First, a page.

Thursday, June 2, 2016


When I was 10 years old, my favorite book was There's a Boy in the Girls' Bathroom by Louis Sachar. I was reminded of this childhood favorite by all of the recent hullabaloo over transgender bathrooms. So, I pulled my dusty old box of memories out of the closet so I could read it with my kids.

It's about a bully named Bradley who is the oldest and meanest kid in school. All his classmates hate him and call him a monster, and his teachers say he has serious behavior problems. Bradley gets sent to see Carla, the very calm, very unconventional  new school counselor. The two strike up an unlikely friendship. Carla sees potential in Bradley and thinks he can change his ways. She convinces him that if he believes the people who call him a monster, then that is what he'll become. Thanks to Carla, he begins to believe in himself the way she believes in him.

I won't give away the surprise ending or how a boy ends up in the girls' bathroom. You can read that part for yourself. After all, what kind of teacher would I be if I didn't sprinkle a little curiosity dust in your face?

But now that I'm reading this story through grown-up glasses, I can really relate to the way Carla shepherds the lost sheep of the fold. As a teacher, I seem to always have a heart for those hard-to-reach students. The ones who tend to be hated and despised by everyone else. The ones who pretend to be all hard and unbreakable, but deep down inside they are an absolute mess.

I recently had a student like this. 

She came to my class mid-semester because she had a personality conflict with her previous teacher. She kept getting sent to the principal's office for refusing to comply and for obnoxious outbursts of profanity.

I knew all of this before I met her. 

I had been prepped and I had been warned. So, I knew what I was in for when she showed up at my door with new class schedule in hand. 

And she did not disappoint.

Like all high school students, she liked to push my buttons. But this kid took it to a whole new level. Every day it seemed, she would try to provoke me a little more than she did the day before, just watching and waiting for that moment when I would crack. That moment when I would lose my cool and yell at her just like everyone else in her life had always done before.

But I didn't crack and I didn't lose my cool. 

I didn't yell at her when I came in from hall duty and she was sitting at MY desk using MY computer. I didn't yell at her when she picked up MY phone and tried to order pizza in the middle of class. I didn't yell at her when she tried to staple a strand of my hair or when she wrote on me with Expo markers or when she squirted me with whiteboard cleaner.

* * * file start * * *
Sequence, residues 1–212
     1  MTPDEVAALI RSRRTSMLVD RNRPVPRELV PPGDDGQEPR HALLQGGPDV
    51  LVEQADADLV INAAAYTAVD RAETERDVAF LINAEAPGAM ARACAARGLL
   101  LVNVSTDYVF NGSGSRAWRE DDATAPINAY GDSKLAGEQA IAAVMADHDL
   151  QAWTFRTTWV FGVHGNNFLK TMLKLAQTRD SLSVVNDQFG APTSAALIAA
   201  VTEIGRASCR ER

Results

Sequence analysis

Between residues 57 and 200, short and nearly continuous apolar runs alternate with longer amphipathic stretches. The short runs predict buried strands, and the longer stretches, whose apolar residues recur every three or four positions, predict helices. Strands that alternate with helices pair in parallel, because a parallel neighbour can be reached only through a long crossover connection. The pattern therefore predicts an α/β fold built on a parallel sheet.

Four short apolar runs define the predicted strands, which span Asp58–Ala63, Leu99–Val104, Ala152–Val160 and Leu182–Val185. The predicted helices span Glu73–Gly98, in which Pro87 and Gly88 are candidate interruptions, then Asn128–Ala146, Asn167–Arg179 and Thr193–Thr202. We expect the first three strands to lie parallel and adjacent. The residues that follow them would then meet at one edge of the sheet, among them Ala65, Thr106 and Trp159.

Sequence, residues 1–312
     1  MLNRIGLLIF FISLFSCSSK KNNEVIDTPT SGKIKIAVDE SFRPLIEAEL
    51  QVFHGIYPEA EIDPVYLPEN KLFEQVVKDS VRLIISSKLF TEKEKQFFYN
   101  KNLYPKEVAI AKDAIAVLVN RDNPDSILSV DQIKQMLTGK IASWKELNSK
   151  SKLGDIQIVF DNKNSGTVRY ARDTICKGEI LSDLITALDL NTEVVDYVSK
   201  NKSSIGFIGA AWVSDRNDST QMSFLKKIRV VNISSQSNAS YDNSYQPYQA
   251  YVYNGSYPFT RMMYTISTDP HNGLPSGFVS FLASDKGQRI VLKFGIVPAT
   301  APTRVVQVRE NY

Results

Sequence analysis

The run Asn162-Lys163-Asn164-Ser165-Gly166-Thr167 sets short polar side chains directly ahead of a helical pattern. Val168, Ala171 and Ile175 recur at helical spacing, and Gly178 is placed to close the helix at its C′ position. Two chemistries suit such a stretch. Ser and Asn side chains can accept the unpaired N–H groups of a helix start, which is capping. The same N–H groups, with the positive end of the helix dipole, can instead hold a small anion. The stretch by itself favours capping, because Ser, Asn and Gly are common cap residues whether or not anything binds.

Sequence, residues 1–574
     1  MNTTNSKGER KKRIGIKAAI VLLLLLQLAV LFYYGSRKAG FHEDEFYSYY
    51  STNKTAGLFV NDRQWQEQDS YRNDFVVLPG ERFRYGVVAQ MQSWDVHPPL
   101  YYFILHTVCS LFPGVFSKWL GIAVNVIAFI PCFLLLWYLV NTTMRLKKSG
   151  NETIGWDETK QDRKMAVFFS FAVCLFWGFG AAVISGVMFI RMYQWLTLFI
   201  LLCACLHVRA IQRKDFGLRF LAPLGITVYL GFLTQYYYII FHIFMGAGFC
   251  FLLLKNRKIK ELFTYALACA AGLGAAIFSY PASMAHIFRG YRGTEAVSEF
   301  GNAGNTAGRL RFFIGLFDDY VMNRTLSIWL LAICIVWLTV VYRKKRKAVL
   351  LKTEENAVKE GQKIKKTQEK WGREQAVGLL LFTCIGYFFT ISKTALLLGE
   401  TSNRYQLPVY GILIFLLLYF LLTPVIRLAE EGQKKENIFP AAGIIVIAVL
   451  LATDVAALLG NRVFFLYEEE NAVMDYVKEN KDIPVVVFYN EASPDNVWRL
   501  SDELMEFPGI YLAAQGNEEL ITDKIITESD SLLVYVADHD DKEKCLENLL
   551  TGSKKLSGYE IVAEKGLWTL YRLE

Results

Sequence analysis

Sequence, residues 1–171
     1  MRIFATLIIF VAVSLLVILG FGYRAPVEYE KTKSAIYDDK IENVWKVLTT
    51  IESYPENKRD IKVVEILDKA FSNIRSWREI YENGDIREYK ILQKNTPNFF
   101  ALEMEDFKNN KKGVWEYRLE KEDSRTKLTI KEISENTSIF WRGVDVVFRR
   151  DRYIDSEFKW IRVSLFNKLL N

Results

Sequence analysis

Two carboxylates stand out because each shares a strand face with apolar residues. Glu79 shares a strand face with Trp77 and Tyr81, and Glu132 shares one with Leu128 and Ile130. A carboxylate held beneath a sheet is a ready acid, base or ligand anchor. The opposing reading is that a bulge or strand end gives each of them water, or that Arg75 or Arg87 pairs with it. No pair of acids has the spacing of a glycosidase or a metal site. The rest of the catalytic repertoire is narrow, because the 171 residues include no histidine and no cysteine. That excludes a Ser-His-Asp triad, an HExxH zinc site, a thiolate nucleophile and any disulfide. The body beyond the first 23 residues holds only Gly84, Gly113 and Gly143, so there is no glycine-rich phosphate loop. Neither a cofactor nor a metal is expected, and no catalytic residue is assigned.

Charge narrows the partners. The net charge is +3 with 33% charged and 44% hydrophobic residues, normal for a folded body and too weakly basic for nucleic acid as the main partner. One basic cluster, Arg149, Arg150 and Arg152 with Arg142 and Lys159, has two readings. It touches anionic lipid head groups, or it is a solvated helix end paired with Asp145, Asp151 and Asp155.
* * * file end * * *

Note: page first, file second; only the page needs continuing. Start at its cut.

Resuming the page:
I wanted to yell, but I didn't.

Instead, I watched and I waited patiently until, one fateful day, she cracked. She lingered after the dismissal bell rang until everyone else had gone. Then, I marveled as that hard, unbreakable shell of hers melted away, revealing the absolute mess underneath. 

Her mother had been an addict. 

She had been taken away by CPS and then had been kicked out of foster home after foster home until the only place left for her was a group home for the unwanted. She was a product of the system. She had already tried to kill herself multiple times, once since she had been on MY roster.

We talked for an hour. 

I asked a lot of questions. I did a lot of listening. I never lectured or scolded or judged. Then, she wanted to know about me. She asked how my baby died and how I dealt with that kind of pain. I showed her my blog and let her read the stories about losing Cohen.

After that day, she didn't try to staple my hair anymore. 

She didn't write on me with dry erase markers or squirt me with whiteboard cleaner. I never found her sitting sit at my desk using my computer when I came in from hall duty. She was still loud and obnoxious. She still had a potty mouth. But we understood each other. She knew my pain and I knew hers. 

We had a bond that went beyond student and teacher.

I helped her start her own blog. I helped her design her graduation party invitations. I helped her fill out her college application. She wants to help other young people who got a rough start in life like she did. She was, by far, one of my most challenging students ever, but she also turned out to be one of my favorites. 

Somewhere along the way, she stopped believing I was the enemy. Somewhere along the way, she stopped believing she was unwanted. Somewhere along the way, she stopped believing the people who told her she was a monster.

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